Monthly Archives: February 2014

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Since our evening with Jane is tonight, we thought we’d share a blog post with you, to get you thinking.


Ambition is no longer the kiss of death for women’s careers. 

Just ask Sheryl Sandberg and the 1 million people who bought her book, “Lean In.” Sandberg should be roundly applauded for creating greater awareness of women’s work challenges, and for encouraging more conversation to emerge. But it’s important to realize the limitations of her message, which doesn’t translate in China, as Quartz recently reported, and in other Asian cultures as well. 

Here’s why:

Words, often the simplest ones, across cultures create confusion. For the Lean In movement, “ambition” and “family” are at the root of the cultural disconnect. 

Having facilitated many (predominantly female) workshops for multicultural and multi-generational teams across Asia, I can tell you that when the question of ambition comes up, which it often does, most participants felt the word and subsequent definitions to be blunt, boorish, and not reflective of their professional aspirations.

To ask, “How ambitious are you?” in Asia is fascinating. In China, women are more comfortable speaking about their ambitions than women in Japan, Hong Kong or Singapore, where the question is often met with silence or a detached shrug. For many women I encountered in Korea and Vietnam, ambition does not square with leadership, and instead has more negative than positive connotations. Being seen as “ambitious” still conjures a pejorative image for women.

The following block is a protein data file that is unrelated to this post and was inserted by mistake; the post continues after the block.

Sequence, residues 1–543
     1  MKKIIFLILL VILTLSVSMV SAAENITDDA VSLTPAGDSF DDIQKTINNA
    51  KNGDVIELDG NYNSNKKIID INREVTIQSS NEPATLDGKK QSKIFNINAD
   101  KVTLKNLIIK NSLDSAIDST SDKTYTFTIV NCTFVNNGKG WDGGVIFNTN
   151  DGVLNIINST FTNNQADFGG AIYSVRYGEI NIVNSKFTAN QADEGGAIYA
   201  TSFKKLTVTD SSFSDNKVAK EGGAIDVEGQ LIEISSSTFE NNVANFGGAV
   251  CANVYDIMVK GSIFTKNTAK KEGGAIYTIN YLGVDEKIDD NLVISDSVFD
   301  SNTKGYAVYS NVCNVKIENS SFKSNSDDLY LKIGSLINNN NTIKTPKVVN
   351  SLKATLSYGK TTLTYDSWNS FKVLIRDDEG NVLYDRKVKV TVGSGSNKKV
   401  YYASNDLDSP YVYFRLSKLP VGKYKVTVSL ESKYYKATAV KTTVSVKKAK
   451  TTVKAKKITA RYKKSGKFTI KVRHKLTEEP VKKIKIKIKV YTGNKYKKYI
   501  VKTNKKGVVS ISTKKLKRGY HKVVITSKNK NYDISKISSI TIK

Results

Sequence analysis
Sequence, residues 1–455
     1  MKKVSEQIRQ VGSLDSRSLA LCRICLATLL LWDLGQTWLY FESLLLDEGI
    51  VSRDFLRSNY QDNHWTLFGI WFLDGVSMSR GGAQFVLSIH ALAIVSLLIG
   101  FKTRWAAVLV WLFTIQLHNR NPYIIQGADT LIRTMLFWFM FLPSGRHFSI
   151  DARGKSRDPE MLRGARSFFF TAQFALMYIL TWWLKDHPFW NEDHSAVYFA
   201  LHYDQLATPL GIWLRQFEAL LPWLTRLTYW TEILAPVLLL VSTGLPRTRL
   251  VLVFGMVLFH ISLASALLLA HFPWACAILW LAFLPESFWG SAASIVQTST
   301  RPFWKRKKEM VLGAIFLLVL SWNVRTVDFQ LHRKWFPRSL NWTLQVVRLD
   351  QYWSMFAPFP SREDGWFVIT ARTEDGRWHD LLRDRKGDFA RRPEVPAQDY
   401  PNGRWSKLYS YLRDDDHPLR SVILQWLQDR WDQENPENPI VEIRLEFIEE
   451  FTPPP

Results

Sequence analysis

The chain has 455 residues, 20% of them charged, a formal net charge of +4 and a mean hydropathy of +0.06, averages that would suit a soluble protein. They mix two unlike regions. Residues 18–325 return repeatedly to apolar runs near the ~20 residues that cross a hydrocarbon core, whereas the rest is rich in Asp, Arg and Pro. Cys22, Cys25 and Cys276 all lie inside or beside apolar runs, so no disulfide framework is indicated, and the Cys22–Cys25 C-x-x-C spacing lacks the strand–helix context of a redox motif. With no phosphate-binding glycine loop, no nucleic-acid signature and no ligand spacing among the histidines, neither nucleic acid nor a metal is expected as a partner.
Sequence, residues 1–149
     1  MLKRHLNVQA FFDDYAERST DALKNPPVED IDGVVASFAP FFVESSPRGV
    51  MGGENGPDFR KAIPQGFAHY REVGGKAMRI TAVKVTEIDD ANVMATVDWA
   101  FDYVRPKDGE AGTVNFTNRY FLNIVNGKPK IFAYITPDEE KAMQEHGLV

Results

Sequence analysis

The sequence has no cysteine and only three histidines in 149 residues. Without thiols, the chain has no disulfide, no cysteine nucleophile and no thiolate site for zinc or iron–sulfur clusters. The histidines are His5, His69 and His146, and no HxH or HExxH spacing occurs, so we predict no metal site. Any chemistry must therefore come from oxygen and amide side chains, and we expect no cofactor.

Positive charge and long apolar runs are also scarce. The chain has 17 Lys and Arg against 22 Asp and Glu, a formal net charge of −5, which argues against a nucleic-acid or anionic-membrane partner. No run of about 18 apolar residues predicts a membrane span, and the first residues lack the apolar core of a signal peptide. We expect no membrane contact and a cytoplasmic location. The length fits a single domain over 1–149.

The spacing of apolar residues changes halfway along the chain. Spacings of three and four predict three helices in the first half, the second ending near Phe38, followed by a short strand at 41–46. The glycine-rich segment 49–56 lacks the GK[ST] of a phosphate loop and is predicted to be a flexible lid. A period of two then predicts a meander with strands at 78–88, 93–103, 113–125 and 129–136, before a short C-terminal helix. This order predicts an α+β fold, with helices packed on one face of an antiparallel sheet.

Read the rest, here.


Join us at our event, tonight.


Kicking off 2014, Women Media Networks hosted an event about personal and presentation communication skills (#wmnpres). Our friend and supporter, @TheModernBelle_ writes up her takeaways from the event.

I was invited to blog about the event, covering a topic I find especially interesting. Hong Kong Chapter President, Christina Pantin, offered valuable tips on how to present yourself and also revealed her big secret on public speaking (I’ll come to that later).

Pantin has a love for the art of communication and has worked in over five countries around the world, which includes 25 years with Reuters. Her experience is evident as she makes us think about our personal brands.

What makes a brand?
The talk begins with Pantin asking us to consider, “if I were a brand, what would my label say?” She showed us an example of a food label, which often use positive buzz-words, like organic, natural, healthy, or improved recipe.

Brands always present themselves in a positive light, so that’s something to think about applying to your own brand. She also asks, “what do people look for in a brand?” Image is everything, so having a high-resolution, professional photograph of yourself is important. Think about how you want to come across in your photo – friendly? Professional?

Being unique is another important factor. What makes a brand stand out? Why is it different to others? What makes it memorable? Pantin cites National Geographic’s iconic magazine cover from 1985, of the girl who was an Afghan refugee and was photographed for the very first time – it’s a great example of uniqueness. And something that most remember, because of the girl’s expression and the look in her eyes which told a story of war.